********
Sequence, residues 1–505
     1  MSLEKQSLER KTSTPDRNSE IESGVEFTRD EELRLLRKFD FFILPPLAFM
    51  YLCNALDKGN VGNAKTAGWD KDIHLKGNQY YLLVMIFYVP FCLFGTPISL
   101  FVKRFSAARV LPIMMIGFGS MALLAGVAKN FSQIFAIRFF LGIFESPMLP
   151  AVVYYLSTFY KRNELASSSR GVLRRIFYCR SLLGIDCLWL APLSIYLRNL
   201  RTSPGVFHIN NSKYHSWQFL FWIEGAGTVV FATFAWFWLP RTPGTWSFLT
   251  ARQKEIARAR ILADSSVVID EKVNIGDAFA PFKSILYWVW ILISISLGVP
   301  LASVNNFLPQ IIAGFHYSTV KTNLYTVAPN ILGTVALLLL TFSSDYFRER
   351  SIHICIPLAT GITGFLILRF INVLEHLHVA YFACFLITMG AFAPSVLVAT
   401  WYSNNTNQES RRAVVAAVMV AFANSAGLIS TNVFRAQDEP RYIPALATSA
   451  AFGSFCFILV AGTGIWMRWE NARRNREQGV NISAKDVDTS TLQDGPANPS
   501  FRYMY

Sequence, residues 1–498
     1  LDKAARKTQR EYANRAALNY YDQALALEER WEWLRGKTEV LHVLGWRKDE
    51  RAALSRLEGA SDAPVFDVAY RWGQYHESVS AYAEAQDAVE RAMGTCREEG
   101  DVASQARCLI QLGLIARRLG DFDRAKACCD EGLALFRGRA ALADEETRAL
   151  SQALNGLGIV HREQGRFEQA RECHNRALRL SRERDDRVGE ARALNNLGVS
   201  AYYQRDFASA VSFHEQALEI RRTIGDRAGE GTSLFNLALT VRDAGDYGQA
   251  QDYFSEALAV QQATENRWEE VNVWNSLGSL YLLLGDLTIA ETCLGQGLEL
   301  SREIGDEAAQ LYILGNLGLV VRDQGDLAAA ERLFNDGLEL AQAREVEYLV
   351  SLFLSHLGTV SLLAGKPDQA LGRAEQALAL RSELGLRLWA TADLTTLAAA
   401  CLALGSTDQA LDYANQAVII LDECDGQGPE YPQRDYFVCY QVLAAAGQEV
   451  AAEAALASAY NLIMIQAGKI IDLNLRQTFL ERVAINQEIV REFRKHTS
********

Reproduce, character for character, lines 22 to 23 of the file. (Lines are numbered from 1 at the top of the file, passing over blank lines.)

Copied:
   401  CLALGSTDQA LDYANQAVII LDECDGQGPE YPQRDYFVCY QVLAAAGQEV
   451  AAEAALASAY NLIMIQAGKI IDLNLRQTFL ERVAINQEIV REFRKHTS